If you are lacking in thoughts to keep you up at night, may I submit for your consideration the melting of the Arctic permafrost. The frozen subterranean soil in the Earth’s polar regions accounts for about 25 percent of the Northern Hemisphere. Continue Reading →
— Sheldon Whitehouse (@SenWhitehouse) November 9, 2017
Just look at Sheldon Whitehouse’s face as he interviews Trump’s nominee for top environment advisor. He laughs to keep from crying! Kathleen Hartnett White is not a scientist; she’s really more of a cheerleader:
“I’m not a scientist, but in my personal capacity, I have many questions that remain unanswered by current climate policy,” Hartnett White, Trump’s nominee to lead the White House’s Council on Environmental Quality, told senators Wednesday at her confirmation hearing. “I think we indeed need to have more precise explanations of the human role and the natural role.”
She did acknowledge that there was probably some human contribution, “the extent to which I think is very uncertain.” That contradicts leading scientific assessments on the matter, which have pinned climate change largely on human greenhouse gas emissions.
Yes, we had a lot of electoral wins Tuesday night. But we don’t have control. Trump is filling government with sycophants and lobbyists — keep your eyes on that ever-present danger.
Three weeks after Hurricane Maria devastated Puerto Rico, we’ve seen images of the destruction and heard stories about the lack of electricity and basic supplies like food and water in some areas. But the main way we measure — and understand — the scope of any disaster is through the death toll. Continue Reading →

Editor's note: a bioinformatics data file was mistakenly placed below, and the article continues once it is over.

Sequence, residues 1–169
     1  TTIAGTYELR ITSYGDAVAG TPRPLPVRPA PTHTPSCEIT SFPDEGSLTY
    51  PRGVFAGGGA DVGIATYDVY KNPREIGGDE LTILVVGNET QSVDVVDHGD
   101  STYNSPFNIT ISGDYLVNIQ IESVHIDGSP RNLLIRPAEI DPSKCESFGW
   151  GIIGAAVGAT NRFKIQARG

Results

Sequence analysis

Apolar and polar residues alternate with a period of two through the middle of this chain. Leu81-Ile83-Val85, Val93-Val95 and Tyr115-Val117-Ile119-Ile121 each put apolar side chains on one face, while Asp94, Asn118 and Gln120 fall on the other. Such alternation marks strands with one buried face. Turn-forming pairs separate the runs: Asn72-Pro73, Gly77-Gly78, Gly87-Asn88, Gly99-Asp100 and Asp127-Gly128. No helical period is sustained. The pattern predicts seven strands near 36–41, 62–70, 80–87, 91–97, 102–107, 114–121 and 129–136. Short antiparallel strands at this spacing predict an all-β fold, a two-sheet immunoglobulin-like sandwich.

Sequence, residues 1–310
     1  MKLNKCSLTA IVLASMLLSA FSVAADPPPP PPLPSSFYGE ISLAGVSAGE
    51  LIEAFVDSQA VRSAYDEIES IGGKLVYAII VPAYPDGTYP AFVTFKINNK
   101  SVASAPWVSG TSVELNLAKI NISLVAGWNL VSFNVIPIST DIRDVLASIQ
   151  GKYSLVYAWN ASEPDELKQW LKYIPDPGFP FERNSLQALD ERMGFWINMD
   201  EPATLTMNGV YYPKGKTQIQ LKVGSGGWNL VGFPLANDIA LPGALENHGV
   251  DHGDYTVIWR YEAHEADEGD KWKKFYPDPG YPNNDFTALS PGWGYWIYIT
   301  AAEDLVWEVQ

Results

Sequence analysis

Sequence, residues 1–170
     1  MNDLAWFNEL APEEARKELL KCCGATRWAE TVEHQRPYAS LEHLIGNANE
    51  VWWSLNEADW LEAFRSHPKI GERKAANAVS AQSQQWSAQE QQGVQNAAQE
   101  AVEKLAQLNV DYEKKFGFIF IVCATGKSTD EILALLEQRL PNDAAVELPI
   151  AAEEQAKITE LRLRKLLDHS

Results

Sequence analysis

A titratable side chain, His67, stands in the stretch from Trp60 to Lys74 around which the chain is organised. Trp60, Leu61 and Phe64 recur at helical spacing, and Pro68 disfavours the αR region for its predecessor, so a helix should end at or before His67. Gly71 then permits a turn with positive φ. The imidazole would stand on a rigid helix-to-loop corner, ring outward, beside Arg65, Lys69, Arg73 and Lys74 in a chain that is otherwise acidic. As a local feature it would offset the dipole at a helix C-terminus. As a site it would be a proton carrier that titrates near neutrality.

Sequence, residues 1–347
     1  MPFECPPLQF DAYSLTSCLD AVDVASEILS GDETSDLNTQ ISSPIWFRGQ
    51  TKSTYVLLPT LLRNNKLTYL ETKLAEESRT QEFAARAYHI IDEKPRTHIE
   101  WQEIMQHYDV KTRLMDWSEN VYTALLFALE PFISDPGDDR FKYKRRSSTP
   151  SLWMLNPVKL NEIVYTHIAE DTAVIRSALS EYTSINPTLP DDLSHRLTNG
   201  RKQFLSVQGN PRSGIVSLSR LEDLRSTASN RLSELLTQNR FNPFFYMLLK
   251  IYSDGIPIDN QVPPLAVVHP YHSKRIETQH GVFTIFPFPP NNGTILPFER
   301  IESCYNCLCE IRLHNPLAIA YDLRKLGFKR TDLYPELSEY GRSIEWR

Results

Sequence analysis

SAN JUAN, Puerto Rico — Hurricane Maria reduced homes to heaps of wood and cement in the oceanfront settlement of La Perla, where hundreds of people picked their way down the rocky hillsides strewn with debris Thursday to salvage what they could from the wreckage. At the foot of an ancient fort, just outside the walls… Continue Reading →
This video is also from PR today. From the town Toa Baja. Its in Spanish. pic.twitter.com/RTzSrVdqiS
— Antonio Paris (@AntonioParis) September 20, 2017
— NowThis Newsroom (@newsroom) September 20, 2017
If only we treated them like real Americans:
Hurricane Maria slammed into eastern Puerto Rico on Wednesday morning as a potentially catastrophic Category 4 storm, bringing vicious winds, storm surge and rain to areas across the island before weakening to a Category 3 by the afternoon.
As of noon local time, 100 percent of customers of Puerto Rico’s sole energy provider were without power, according to the island’s emergency and disaster management agency.
The hurricane’s eyewall passed over Vieques around 4 a.m. Eastern time before heading toward the main island, the National Hurricane Center said. The storm made landfall on the eastern part of the island, near Yabucoa, around 6:15 a.m. with wind speeds of up to 155 mph.
Maximum wind speeds had slowed to 140 mph by 11 a.m., the NHC said.